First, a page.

The Health Secretary Jeremy Hunt believes an effective dementia drug is within reach as the Government pledges £22 million to dementia research, reports ITV News' Science and Medical Editor Lawrence McGinty:
There are two main types of medication currently used to treat Alzheimer's disease, known as cholinesterase inhibitors and NMDA receptor antagonists.
Cholinesterase inhibitors include Aricept, Exelon and Reminyl.
The NMDA receptor antagonist is Ebixa.
There are no drug treatments available that can provide a cure for Alzheimer's disease.
Shadia Ousta Doerfel's father, Nihad Ousta, suffers from dementia. She says if medics could find better ways of engaging with patients it would help with their treatment.
The Health Secretary said that despite the cuts being faced by local authorities he was still trying to ensure social services were able to maintain the required standard.
– Health Secretary, Jeremy Hunt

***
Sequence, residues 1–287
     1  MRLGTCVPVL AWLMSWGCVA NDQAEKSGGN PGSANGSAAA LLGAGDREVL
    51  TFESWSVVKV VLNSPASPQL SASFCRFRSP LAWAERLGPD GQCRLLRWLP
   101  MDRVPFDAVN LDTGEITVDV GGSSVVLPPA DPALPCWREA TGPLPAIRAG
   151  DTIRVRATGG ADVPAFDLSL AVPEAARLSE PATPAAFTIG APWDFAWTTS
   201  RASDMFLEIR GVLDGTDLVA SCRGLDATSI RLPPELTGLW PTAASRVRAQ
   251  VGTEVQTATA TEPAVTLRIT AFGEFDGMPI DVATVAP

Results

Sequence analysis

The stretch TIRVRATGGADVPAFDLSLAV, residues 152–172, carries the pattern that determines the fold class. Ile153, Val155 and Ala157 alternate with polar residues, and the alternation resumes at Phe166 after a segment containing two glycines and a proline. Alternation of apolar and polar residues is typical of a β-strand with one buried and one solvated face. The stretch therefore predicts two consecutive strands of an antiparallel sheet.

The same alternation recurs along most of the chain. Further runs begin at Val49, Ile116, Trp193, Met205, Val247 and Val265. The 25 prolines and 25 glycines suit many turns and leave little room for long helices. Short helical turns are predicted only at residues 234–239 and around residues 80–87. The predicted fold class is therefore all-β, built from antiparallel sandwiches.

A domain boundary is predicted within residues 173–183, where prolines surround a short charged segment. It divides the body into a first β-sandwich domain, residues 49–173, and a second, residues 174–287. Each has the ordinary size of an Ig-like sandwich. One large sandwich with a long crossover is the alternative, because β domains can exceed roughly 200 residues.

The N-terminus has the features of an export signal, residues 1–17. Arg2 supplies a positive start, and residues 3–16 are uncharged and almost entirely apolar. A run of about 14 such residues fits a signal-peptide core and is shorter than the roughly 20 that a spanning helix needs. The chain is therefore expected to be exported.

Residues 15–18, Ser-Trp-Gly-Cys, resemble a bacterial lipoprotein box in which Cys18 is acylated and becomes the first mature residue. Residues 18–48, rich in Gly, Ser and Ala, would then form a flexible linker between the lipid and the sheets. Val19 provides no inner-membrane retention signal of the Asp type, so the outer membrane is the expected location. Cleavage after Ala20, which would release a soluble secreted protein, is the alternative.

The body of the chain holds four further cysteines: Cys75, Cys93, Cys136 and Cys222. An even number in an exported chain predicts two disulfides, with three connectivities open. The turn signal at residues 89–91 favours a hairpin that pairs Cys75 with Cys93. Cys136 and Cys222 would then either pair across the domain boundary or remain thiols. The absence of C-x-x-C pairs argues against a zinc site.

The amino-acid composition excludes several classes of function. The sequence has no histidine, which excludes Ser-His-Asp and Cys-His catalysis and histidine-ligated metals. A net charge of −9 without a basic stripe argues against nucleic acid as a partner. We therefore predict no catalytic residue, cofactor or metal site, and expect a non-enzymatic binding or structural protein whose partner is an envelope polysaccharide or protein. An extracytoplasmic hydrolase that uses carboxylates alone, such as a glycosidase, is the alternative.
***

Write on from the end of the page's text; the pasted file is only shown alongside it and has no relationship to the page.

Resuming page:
With one in three families affected by dementia, this is something which is becoming a crisis. Around a million people will have dementia in the next few years. One of the big challenges we have is this big quest to get a cure or a treatment to halt dementia or Alzheimer's in their tracks.
We've had some setbacks this year, and some high-profile failures. But Lilly as a company has actually had some big successes, and so what I've learned today is that it's not all gloom and doom.
The Health Secretary Jeremy Hunt said the amount invested in dementia research had been doubled due to concerns about the country's ageing population. He unveiled plans for new cancer screening programmes to help the UK reach the lowest cancer mortality rates in Europe.
The government will invest a total of £22 million in 21 dementia research projects, because doing nothing would lead to a "crisis" for the whole country.
- The funding was awarded by the National Institute of Health Research
- It is designed to cover all areas of scientific activity relevant to dementia
- The government says many pharmaceutical companies may avoid dementia research because of the huge complexities of studying the human brain
The Health Secretary says there is a "real prospect" of an effective treatment for dementia in the next decade. Jeremy Hunt was speaking as the government announced an extra £22 million in funding for dementia projects. He said it "wasn't all doom and gloom" as medical advances had been made.